stuart315Unless you’ve been living under a virtual rock—or maybe you just don’t like Wilco; we’ve heard some people fit that description—you already know that the new Wilco album, cleverly titled Wilco (The Album), due June 30 on Nonesuch, is streaming at the band’s website. But now you know, just in case you didn’t … No Depression (The Magazine) may no longer exist as a bi-monthly publication, but that’s not stopping the rag from putting on the first No Depression Festival on July 11 in Redmond, Wash. The all-day event will feature Gillian Welch, Iron & Wine, Patterson Hood & The Screwtopians, Jesse Sykes & The Sweet Hereafter, Justin Townes Earle and other Americana acts. Tickets are on sale now here. Download Jesse Sykes & The Sweet Hereafter’s “LLL”The Walkmen head to Portugual for a July 18 Superbock Superrock festival gig. They might want to consider talking to their booking agent because they have to play Chicago’s Pitchfork Festival the next day. The band’s other U.S. dates include the Austin City Limits Festival on October 2. Download “In The New Year”Echo & The Bunnymen‘s classic 1984 LP Ocean Rain will be shot into space June 13, going along with Bunnymen superfan and astronaut Col. Timothy L. Corpa to the International Space Station. “Now it’s official,” commented typically modest frontman Ian McCullough, “we are the coolest band in the universe.” Not so surprisingly, the stunt coincides with the Ocean Rain boxed set coming out May 30 … Ska legends Madness resurface July 7 with The Liberty Of Norton Folgate (Yep Roc). It’s the band’s first record of original material since 1999’s Wonderful, and it would be wonderful, indeed, if it includes nothing that sounds like “Our House” … If you’re into the intstrumental stylings of Los Straitjackets, Yep Roc has a deal for you: the All Access Virtual Box Set featuring 10 of the band’s records in one tidy digital package. With the $55 price tag, you can also get the group’s new LP, The Further Adventures Of Los Straitjackets. The first 250 orders receive an exclusive backstage-style laminate … Stuart Murdoch (pictured) of Belle And Sebastian has a new project that is certainly ambitious: God Help The Girl (Matador), a “story set to music” out June 23. Fey, sweater-wearing fans can order a subscription to the project here; it includes two seven-inches, a deluxe CD or LP, a 10-inch LP and an instant stream. Download “Come Monday Night” … “Summertime Clothes,” the second single from Animal Collective‘s Merriweather Post Pavilion (Domino), drops July 7. It features the album version plus three funky remixes for the kids. Download “My Girls (Dave Wrangler Remix) … In news that is either pathetic or cool, depending on your views on Guitar Hero and the increasingly lame Aerosmith, fans who prove just how well they can shred on Guitar Hero: Aerosmith will actually get to open shows in each city on the band’s tour this summer with fellow relics ZZ Top. Let’s ponder this: Now we’re at the point where you don’t even have to play a real instrument in order to perform in an arena, while some of our favorite artists who write and play their own songs struggle to fill small clubs. Now that’s progress.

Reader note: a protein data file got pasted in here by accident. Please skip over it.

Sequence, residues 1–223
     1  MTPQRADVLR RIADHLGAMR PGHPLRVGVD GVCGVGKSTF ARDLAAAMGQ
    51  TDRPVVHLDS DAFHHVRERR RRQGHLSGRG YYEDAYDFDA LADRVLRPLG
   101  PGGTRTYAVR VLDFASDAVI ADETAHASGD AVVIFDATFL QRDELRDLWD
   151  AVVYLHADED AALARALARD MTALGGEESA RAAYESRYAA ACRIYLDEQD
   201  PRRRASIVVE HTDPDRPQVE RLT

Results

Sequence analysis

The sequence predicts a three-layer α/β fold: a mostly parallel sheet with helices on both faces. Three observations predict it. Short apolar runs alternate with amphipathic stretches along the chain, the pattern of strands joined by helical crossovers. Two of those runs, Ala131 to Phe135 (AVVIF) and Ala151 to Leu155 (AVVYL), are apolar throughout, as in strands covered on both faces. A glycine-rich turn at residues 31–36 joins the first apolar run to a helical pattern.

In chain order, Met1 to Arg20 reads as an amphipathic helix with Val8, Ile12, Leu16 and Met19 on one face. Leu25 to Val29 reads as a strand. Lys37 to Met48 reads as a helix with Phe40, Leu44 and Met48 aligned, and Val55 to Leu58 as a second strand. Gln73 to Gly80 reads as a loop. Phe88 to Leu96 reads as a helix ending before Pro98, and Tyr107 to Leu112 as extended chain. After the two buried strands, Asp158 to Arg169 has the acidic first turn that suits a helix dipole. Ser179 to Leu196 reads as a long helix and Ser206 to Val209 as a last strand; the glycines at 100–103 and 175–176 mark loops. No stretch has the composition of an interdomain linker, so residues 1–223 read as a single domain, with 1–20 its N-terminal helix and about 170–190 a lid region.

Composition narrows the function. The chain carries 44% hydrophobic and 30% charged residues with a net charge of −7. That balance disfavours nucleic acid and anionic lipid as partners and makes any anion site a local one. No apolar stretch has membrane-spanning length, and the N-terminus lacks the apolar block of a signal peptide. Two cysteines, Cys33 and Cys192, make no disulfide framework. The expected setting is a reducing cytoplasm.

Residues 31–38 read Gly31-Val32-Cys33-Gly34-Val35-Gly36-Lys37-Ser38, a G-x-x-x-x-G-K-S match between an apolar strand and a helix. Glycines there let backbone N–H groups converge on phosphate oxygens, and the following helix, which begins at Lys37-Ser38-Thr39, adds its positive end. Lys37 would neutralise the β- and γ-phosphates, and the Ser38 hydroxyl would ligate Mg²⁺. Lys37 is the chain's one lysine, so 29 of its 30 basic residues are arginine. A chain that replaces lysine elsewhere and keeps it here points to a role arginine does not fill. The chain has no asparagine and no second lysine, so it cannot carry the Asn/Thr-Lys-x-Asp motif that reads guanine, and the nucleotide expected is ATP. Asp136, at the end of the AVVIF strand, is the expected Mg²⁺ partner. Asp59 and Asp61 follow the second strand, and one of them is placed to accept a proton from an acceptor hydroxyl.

From The Desk Of The Meat Puppets: The Grand Canyon

meat4logo100cTo have Cris Kirkwood back as the bassist of the Meat Puppets is nothing short of a miracle. The band he founded with his guitarist/vocalist brother Curt in 1980 broke up in 1996 due to Cris’ addiction to heroin and crack cocaine. In the ensuing years, Cris’ life spiraled far out of his control as he lost his wife to a drug overdose and spent 18 months in prison for attacking a post-office security guard. Now, almost four years clean and sober, Cris is gearing up to hit the road in support of the band’s 12th studio album, Sewn Together. Before he does, Cris will spend the week guest editing magnetmagazine.com. Read our new Q&A with Cris and our 2007 career overview of the Meat Puppets.

grandcanyon535b